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Epistula | 4 Minutes

From the Classroom: Adelaide Nickles Self-Publishes

Molly Nickles Written by Molly Nickles
From the Classroom: Adelaide Nickles Self-Publishes

Adelaide didn’t read a full sentence until she was almost 10 years old. It was a difficult challenge to walk through dyslexia with our second child after our first child had started reading full paragraphs at age four. With only two children in our home, we somehow managed to have children on the complete extremes of reading.

I diligently read aloud to our children 45 minutes to an hour daily throughout their childhood. Once Adelaide read that first sentence, she was off! That year, she jumped ahead multiple grade levels and “caught up” by the time she was 12. I had been told just to keep reading aloud to her, and it would happen, but until I experienced it, I hadn’t really believed it!

Although she still struggles with transposing numbers and having to read very slowly and diligently, we’ve overcome many of her dyslexia challenges.

I was so thankful in those younger years to homeschool both of our kids, but especially Adelaide so she wasn’t “left behind” in class due to her dyslexia.

Another longer story for another day—we decided to enroll our kids in the Diploma Program when Adelaide was in 8th grade. That year was a major transition for our whole family—we moved across the country, and both my husband and I changed jobs. To lighten things up a bit, in the summer leading into her 9th-grade year, we encouraged her to pick any class that simply looked fun. She settled on Creative Writing.

I was really surprised that my dyslexic daughter would choose a writing class as “fun”. This was the first of many revelations for me.

A good portion of the grade for the summer Creative Writing class is based on word count. Adelaide committed to 40,000 words in that six-week class.

“My daughter is going to write 40,000 words in 6 weeks?!” I silently said to myself. “Okaaaaay”.

Mrs. Beavens engaged the class in a fun, helpful way that sparked an interest in Adelaide. Over the next 6 weeks, Adelaide joined a Google Chat group with a bunch of the students from the class they called The Typlings. They’d chat after class about their stories, give helpful feedback, and cheer each other on their writing development.

Six weeks later, Adelaide had written 37,000 words. She hadn’t quite hit her goal, but that didn’t slow her down. She had found a new passion, and this story she had written for the class was now a trilogy in her mind.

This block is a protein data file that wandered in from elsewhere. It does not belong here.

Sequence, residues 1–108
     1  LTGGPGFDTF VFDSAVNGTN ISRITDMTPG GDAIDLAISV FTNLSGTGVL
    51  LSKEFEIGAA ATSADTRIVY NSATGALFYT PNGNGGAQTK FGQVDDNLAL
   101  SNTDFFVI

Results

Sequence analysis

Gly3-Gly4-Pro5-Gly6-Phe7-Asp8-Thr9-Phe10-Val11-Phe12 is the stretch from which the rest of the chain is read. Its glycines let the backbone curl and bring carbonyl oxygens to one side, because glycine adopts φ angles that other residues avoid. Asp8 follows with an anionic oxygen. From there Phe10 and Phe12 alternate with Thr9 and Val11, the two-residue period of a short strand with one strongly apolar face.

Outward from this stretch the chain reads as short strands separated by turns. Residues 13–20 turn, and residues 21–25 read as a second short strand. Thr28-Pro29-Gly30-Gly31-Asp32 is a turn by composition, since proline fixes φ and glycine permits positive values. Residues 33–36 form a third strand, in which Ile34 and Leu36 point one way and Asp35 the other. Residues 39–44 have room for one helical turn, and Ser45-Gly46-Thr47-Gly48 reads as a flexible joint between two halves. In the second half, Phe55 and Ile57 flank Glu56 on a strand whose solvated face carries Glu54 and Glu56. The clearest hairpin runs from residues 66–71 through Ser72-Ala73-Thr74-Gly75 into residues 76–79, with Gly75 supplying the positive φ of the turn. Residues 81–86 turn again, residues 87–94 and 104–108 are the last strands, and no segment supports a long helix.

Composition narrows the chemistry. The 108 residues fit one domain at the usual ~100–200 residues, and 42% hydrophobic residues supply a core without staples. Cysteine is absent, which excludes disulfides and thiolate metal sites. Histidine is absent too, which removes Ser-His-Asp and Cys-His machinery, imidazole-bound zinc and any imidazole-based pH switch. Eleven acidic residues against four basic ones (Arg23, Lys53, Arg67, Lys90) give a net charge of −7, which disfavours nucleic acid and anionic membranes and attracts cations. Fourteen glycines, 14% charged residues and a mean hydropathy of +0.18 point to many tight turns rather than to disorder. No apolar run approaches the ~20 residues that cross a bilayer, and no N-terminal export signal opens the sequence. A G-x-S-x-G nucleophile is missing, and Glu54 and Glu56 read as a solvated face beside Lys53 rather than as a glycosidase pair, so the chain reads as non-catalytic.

I was blown away, and honestly, my pride took a hit. I had been struggling with letting go of being the only teacher for my kids. I immensely enjoyed the homeschool years. Although I knew Veritas had a stellar education, as a staunch homeschooler, I still had lingering feelings of “But I should be their only teacher!” Seeing a total stranger tell my daughter she needed to write tens of thousands of words and my daughter thriving was a big revelation. For as much as I was thankful for her not being in a traditional school with her dyslexia, I myself had projected limitations on her. I never would have asked her to write that much.

She spent the past school year completing her story and going through rounds of editing. She then learned how to hire a professional book editor and a book cover designer. She spearheaded the research on how to self-publish and start her own website, and with my help, started an Instagram page (which I manage). She creates videos, and I post them to Instgram from my phone.

As an avid reader myself, I’m super proud of Adelaide’s storytelling, but more importantly, I’m proud of her drive to accomplish a major goal. She’s already starting on the second book in the trilogy. Watching her grow in writing skills over the years will be fun!

I may not have inspired her passion, and honestly, as a homeschooling mom, it stings a little that I didn’t– that’s my own pride issue (that no doubt many homeschool moms go through when transitioning out of traditional homeschooling). Still, I can come alongside her and support her in fostering this passion for as long as she’s inspired to write!

I’m thankful to Mrs. Beavins and Veritas. Seeing Adelaide blossom this past year has been such a fun journey.

P.S. So what’s the book about?

It’s a clean teen fiction dystopian novel about teen orphans on Pluto. I had zero input on this novel; she actually told our family I couldn’t read it until the first draft was finished. I think that’s what makes it even more fun– this is one hundred percent her.

If you have a child who would enjoy this genre, you’re welcome to purchase it here.

Molly Nickles, VSA Parent